Governance in an Emerging New World

The George P. Shultz Project on Governance in an Emerging New World explores the challenges and opportunities for our democracy, our economy, and our security posed by emerging technologies and societal changes.

George Shultz has observed that the world ahead will not be like the world behind us. His Project on Governance in an Emerging New World explores the challenge to governance posed by changing demographics, the information and communications revolution, emerging technologies, and new means of production of goods near where they are used. Its contributors aim to understand the impact of these global transformations on our democracy, our economy, and our national security and inform strategies for how best to proceed in a rapidly changing world.

New and rapid societal and technological changes are complicating governance around the globe and challenging traditional thinking. Demographic changes and migration are having a profound effect as some populations age and shrink while other countries expand. The information and communications revolution is making governance much more difficult and heightening the impact of diversity. Emerging technologies, especially artificial intelligence and automation, are bringing about a new industrial revolution, disrupting workforces and increasing military capabilities of both states and non-state actors. And new means of production such as additive manufacturing and automation are changing how, where, and what we produce. These changes are coming quickly, faster than governments have historically been able to respond.

Led by Hoover Distinguished Fellow George P. Shultz, his Project on Governance in an Emerging New World aims to understand these changes and inform strategies that both address the challenges and take advantage of the opportunities afforded by these dramatic shifts.

The project will feature a series of papers and events addressing how these changes are affecting democratic processes, the economy, and national security of the United States, and how they are affecting countries and regions, including Russia, China, Europe, Africa, and Latin America. A set of essays by the participants will accompany each event and provide thoughtful analysis of the challenges and opportunities.
 


A Message from George P. Shultz

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Essays

Youth, Technology, and Political Change in Saudi Arabia

by Hicham Alaouivia Governance In An Emerging New World
Monday, April 22, 2019

There are two lenses by which to view the political potential of Saudi Arabia’s large, tech-savvy youth generation. The first, optimistic perspective holds that given their social awareness, technological skillset, and creative potential, the Kingdom’s millions of young citizens will be the engine for constructive progress. That progress is defined by post-oil economic transformation, and hence renewed political stability and national unity under the House of Saud. This is the image invoked by Saudi Arabia’s grandiose Vision 2030 initiative, as well as its architect, Crown Prince Mohammed bin Salman.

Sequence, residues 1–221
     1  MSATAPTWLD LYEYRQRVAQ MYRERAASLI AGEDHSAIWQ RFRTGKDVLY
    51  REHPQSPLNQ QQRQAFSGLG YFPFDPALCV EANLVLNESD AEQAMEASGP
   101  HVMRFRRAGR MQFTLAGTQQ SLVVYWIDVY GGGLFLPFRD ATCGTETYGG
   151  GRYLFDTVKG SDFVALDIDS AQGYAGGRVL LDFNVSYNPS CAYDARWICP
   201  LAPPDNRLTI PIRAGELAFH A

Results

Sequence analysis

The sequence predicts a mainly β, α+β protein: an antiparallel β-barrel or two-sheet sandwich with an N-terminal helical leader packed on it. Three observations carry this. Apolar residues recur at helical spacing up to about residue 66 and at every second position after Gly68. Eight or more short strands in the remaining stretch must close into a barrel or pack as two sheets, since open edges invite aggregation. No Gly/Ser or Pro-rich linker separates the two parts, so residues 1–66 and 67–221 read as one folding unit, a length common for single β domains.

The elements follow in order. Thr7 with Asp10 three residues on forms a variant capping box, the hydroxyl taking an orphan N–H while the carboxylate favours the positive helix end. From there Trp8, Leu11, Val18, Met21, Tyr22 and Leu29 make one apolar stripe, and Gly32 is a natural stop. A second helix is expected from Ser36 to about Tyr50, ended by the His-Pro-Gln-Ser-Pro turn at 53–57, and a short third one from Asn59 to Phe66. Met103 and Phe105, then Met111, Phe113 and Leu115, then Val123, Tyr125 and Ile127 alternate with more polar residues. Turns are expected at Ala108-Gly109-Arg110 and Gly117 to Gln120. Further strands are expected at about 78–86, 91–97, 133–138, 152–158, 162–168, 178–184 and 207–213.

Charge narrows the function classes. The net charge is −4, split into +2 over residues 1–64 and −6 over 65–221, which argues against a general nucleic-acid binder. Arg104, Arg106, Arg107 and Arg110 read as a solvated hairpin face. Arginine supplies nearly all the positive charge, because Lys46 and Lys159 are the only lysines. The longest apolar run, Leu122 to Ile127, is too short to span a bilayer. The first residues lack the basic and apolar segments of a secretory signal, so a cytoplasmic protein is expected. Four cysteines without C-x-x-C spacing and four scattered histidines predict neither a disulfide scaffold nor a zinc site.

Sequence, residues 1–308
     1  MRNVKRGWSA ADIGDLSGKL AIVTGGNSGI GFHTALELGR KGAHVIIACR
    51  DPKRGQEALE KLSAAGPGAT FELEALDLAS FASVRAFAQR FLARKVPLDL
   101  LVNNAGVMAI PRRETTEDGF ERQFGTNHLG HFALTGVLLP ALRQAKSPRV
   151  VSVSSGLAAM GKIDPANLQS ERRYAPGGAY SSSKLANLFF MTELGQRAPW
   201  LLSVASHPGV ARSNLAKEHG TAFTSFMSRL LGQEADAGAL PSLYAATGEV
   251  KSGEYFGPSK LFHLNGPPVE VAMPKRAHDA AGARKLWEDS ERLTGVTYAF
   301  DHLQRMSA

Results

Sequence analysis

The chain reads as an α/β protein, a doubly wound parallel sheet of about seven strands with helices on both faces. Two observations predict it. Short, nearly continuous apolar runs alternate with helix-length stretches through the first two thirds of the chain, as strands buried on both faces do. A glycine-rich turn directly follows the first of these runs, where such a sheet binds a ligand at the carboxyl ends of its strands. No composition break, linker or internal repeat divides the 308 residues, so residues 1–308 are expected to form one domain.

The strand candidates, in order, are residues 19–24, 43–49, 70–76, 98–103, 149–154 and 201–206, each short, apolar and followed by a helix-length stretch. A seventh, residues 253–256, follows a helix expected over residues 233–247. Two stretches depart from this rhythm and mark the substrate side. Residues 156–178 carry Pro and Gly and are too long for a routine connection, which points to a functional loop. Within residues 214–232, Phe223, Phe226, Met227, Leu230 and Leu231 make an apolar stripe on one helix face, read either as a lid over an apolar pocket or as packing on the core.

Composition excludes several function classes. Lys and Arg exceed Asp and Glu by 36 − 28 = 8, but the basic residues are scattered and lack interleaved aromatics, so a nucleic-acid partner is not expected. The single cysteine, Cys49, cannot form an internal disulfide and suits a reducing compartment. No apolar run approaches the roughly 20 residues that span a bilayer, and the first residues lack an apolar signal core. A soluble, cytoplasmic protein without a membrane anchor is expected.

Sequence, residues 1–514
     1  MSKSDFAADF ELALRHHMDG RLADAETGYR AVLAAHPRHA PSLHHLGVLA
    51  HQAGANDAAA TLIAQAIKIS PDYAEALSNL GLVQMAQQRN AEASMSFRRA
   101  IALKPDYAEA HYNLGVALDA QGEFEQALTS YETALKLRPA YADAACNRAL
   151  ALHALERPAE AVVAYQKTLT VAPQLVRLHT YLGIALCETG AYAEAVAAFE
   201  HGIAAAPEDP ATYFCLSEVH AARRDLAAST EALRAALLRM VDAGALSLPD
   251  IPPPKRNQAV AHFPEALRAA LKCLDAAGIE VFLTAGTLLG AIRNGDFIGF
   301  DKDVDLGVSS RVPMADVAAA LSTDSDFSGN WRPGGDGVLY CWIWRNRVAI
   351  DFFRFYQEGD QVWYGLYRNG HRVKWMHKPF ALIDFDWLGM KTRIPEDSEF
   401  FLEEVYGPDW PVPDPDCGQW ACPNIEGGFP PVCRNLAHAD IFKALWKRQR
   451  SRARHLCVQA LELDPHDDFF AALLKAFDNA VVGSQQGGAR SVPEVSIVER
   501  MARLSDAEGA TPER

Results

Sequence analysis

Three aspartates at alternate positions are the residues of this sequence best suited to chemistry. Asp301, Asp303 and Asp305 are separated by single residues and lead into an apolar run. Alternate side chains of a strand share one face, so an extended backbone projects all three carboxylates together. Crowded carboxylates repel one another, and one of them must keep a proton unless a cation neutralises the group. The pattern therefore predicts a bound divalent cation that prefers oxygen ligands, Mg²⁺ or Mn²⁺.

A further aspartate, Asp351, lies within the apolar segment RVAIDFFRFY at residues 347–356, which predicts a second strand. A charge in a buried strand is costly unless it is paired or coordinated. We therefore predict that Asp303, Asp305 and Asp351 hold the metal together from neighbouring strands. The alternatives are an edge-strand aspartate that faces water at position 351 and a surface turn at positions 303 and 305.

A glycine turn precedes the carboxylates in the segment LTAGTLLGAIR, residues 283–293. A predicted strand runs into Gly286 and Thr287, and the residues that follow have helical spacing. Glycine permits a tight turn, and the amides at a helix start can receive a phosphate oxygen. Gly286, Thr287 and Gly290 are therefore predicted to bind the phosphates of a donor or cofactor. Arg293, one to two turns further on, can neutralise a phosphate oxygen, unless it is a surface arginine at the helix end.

From the Conveners

A Letter from the Conveners

via Governance In An Emerging New World
Monday, April 22, 2019

Sharp changes are afoot throughout the globe. Demographics are shifting, technology is advancing at unprecedented rates, and these changes are being felt everywhere. How should we develop strategies to deal with this emerging new world? We can begin by understanding it. First, there is the changing composition of the world population, which will have a profound impact on societies. Developed countries are experiencing falling fertility rates and increasing life expectancy. 

Essays

Climate Change and Environmental Pollutants: Translating Research into Sound Policy for Human Health and Well-Being

by Kari Nadeauvia Governance In An Emerging New World
Monday, April 8, 2019

We are intimately connected to the world around us—to the air, water, and soil that envelop us. The average adult constantly replenishes the oxygen within them by taking 12 to 20 breaths per minute; we regularly consume water, which constitutes over 50% of our body weight; we obtain most of our vital nutrients from the soil through the foods we consume. A healthy vibrant biosphere is vital for our wellbeing.

Essays

Potential Pandemics

by Milana Boukhman Trouncevia Governance In An Emerging New World
Monday, April 8, 2019

Infectious disease has been a formidable force in shaping human history. In the times past, most people died from two causes: violence and infectious disease, with deaths from infectious disease being many times more common. Bubonic plague killed between a third and a half of the population of Europe in the Middle Ages, thus changing the course of Europe and the world forever. Smallpox killed half a billion people in the 20th century alone before being finally eradicated in 1982.